Four Corners, Brooks, Hayesville, Amity, Willamina, Grand Ronde, Monmouth, Independence, Silverton, Stayton, Turner, Jefferson, Albany, Corvallis, Lebanon, Brownsville, Sweet Home.
Bend – Redmond
Prineville, Sisters, La Pine, Madras, Warm Springs
Eugene – Springfield – Ashland – Medford – Klamath Falls
Salem – Kiezer – Albany
Central - Eastern Washington
Yakima, Kennewick, Pasco, Richland, Tri-cities, Spokane, Ellensburg, Walla Walla, Wenatchee, Spokane, Spokane Valley, and more.
Post Falls, Coeurd'Alene, Sandpoint, Lewiston, Boise, Meridian, Nampa, Twin Falls
One of the most important things for any party is the menu. Whether you are having an elaborate meal or just serving appetizers, guests appreciate having good food to nibble on while they mingle. The ideal appetizers should be easy and inexpensive to prepare, and they also need to taste great.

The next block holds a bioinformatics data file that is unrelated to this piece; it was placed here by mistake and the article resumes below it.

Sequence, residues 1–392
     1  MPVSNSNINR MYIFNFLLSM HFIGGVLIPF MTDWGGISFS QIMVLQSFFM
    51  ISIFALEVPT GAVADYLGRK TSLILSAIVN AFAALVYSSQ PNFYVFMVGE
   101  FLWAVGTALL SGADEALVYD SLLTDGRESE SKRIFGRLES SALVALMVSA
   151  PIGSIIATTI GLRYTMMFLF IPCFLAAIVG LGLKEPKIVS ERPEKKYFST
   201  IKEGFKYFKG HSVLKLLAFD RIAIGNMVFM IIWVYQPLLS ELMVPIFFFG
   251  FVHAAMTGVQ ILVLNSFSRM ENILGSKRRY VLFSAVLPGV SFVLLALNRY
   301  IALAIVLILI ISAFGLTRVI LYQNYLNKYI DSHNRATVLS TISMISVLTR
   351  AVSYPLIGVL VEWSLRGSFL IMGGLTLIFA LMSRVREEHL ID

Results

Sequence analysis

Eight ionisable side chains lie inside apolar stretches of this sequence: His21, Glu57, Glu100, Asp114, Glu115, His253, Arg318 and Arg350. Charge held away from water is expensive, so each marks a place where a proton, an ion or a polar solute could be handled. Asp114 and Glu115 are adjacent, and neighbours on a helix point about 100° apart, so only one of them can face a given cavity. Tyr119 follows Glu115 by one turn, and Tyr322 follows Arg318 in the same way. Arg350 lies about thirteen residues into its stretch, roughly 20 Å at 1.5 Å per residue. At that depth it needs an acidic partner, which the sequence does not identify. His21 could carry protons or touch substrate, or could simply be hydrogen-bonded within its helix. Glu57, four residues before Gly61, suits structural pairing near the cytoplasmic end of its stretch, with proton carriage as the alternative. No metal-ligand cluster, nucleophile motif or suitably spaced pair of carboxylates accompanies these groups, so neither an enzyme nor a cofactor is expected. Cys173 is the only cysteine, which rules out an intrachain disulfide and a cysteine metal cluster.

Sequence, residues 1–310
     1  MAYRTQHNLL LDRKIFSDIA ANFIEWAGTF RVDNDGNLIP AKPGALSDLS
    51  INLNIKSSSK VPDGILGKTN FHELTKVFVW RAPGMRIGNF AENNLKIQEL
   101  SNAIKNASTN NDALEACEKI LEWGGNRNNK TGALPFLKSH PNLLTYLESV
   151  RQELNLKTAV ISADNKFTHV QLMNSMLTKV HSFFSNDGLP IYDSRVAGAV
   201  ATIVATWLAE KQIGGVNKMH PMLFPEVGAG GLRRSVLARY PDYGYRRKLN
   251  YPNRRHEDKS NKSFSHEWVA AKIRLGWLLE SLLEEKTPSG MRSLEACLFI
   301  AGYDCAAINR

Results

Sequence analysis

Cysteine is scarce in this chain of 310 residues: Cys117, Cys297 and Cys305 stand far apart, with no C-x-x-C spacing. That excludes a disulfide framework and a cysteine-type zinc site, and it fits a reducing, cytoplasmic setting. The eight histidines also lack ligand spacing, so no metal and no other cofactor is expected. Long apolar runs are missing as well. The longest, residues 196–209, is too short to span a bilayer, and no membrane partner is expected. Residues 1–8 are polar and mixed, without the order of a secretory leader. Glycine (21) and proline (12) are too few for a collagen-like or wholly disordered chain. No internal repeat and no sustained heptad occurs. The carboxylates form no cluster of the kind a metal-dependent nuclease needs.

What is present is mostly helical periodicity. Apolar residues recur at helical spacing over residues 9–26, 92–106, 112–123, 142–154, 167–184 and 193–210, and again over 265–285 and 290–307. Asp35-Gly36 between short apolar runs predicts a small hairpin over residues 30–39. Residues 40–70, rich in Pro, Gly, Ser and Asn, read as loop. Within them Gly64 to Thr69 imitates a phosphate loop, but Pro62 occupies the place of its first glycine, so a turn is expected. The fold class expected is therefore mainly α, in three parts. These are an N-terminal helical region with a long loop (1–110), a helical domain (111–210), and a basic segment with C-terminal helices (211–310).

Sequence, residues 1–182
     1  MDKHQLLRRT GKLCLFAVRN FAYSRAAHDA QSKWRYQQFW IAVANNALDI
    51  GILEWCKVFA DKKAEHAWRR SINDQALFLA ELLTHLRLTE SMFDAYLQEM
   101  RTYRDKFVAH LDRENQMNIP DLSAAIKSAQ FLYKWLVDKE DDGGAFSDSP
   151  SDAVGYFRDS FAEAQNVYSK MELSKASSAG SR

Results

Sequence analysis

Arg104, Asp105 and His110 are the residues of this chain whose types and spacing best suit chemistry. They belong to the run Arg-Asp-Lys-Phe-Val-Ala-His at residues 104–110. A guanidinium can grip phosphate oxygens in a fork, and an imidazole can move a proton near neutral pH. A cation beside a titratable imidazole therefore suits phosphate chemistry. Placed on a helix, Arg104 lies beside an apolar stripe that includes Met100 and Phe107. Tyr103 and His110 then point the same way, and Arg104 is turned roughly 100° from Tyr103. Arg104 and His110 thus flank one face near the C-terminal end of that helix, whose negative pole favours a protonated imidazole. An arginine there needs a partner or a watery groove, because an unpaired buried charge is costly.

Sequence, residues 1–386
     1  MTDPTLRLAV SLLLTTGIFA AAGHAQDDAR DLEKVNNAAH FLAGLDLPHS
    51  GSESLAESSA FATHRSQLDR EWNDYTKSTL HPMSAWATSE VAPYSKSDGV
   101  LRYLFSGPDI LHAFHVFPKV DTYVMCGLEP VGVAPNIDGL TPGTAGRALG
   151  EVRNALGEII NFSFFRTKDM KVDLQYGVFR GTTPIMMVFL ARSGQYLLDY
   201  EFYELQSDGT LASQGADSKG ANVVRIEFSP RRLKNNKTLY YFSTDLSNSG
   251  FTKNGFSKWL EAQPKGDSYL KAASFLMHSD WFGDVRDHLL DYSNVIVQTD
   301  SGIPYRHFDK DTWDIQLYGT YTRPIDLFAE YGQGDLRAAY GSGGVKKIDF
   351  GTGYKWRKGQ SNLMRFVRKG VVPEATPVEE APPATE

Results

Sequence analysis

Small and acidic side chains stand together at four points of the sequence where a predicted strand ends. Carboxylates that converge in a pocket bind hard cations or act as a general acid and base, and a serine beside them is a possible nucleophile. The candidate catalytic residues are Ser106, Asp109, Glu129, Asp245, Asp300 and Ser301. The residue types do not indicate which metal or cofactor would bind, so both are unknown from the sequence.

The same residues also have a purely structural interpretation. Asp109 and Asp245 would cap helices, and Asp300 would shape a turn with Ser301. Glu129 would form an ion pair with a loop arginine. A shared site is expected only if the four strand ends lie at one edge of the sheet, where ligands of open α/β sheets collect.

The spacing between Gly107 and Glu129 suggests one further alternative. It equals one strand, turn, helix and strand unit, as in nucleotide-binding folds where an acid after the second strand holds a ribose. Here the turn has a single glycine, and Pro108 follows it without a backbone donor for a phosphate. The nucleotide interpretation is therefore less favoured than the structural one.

Chips are easy (just open the bag) and inexpensive but served by themselves, they are also boring, You can get a container of salsa to serve with the chips, and but unless the salsa is something really special, it is unlikely to be a source of much praise. Luckily there are many other kinds of dips you can make or buy.
Mexicali or 7 Layer dip is a favorite for parties. It doesn’t actually have to have 7 layers, there can be more or less depending on your preferences. You can purchase premade layered dip in stores; however, it is not difficult to make yourself and it tastes much better if it is homemade.
Here is the recipe I grew up with:
In a large flat bowl, layer the following:
2 nine ounce cans bean dip (smashed flat)